# Shifting a smooth function of compact support

Let $\varphi : \mathbb{R} \rightarrow \mathbb{R}$ be an infinitely differentiable function of compact support. Define $$\psi (x) := \begin{cases} \frac{\varphi (x) - \varphi (0)}{x}, & \text{x \neq 0} \\ \varphi'(0), & \text{x = 0} \end{cases}.$$

Is $\psi$ be infinitely differentiable and compactly supported?

Some context: $\psi$ is given as a hint to prove that for a distribution $f$ with the property $xf = 0$ (in the sense of distributions), $f = C \delta_0$, for some constant $C$. If $\psi$ has the appropriate properties, then the proof for the main question follows quickly. After some tinkering, however, I am not convinced that $\psi$ has either necessary property.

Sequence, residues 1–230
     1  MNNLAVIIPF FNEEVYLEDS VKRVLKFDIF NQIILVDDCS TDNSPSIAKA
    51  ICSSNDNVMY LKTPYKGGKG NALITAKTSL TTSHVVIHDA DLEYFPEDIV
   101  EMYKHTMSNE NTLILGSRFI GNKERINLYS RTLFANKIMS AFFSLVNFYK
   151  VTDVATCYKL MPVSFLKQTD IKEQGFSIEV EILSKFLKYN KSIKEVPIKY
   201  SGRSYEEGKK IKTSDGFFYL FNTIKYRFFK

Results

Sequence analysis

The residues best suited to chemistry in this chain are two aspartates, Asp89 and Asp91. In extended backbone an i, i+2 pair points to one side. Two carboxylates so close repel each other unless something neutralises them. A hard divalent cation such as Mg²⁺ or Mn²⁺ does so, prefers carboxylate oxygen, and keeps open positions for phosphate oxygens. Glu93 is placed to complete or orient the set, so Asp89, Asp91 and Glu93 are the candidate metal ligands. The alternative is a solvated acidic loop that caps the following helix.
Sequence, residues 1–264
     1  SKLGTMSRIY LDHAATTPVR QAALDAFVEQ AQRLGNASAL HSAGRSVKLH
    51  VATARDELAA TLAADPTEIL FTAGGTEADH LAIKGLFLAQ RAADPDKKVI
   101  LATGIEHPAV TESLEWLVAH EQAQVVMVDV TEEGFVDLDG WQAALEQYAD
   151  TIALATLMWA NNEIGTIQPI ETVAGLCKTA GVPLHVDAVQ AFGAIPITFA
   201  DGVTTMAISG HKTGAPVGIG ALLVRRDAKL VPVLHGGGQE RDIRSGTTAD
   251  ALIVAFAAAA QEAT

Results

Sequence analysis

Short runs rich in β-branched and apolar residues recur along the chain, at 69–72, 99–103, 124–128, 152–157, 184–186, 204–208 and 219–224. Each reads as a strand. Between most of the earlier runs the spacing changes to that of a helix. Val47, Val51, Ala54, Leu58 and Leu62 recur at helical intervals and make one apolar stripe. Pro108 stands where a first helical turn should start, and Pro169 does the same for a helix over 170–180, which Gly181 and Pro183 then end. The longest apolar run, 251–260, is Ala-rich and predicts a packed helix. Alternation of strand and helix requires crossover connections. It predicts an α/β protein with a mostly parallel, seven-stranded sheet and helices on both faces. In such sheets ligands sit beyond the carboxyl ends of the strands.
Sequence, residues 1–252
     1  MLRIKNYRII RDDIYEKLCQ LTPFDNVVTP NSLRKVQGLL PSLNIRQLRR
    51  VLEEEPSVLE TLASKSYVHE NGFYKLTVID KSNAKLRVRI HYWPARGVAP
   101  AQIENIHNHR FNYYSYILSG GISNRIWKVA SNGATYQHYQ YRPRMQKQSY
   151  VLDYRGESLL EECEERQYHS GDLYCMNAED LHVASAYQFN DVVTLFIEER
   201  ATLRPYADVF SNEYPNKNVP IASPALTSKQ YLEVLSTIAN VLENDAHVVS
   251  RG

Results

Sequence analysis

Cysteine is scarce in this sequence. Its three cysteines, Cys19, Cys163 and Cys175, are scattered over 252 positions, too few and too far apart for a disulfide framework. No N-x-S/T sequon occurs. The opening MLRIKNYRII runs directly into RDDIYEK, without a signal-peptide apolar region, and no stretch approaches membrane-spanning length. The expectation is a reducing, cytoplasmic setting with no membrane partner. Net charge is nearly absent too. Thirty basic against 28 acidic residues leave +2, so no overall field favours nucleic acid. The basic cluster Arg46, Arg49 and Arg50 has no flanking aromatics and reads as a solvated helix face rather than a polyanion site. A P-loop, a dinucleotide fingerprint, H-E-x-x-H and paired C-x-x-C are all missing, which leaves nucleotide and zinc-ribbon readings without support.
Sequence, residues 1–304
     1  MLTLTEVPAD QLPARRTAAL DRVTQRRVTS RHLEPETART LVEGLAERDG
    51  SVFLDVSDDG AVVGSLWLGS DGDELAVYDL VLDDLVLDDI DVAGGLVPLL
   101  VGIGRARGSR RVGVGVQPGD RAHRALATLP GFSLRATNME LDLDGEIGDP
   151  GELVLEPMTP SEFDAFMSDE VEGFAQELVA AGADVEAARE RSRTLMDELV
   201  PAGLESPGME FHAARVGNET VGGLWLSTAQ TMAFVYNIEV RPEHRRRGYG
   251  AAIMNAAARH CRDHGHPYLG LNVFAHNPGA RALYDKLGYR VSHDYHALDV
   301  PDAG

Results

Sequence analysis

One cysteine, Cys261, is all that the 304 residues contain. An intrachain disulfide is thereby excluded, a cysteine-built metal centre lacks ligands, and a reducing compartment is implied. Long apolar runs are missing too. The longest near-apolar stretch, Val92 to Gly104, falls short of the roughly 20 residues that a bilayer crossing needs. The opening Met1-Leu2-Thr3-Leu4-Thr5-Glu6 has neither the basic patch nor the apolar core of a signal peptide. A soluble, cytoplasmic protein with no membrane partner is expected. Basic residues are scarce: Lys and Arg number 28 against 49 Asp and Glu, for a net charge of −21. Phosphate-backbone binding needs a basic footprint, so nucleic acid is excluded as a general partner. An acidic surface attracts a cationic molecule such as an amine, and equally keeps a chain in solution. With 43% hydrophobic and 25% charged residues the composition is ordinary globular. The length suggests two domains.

Yes, $\psi$ is $C^\infty$-smooth because Quotient of two smooth functions is smooth.
If $\varphi(0)=0$, then $\psi$ has compact support, because in this case $\psi(x)=0$ whenever $\varphi(x)=0$.
But if $\varphi(0)\ne 0$, then $\psi$ does not have compact support. Indeed, for large enough $x$ we have $\varphi(x)=0$ and therefore $\psi(x)=-\varphi(0)/x$.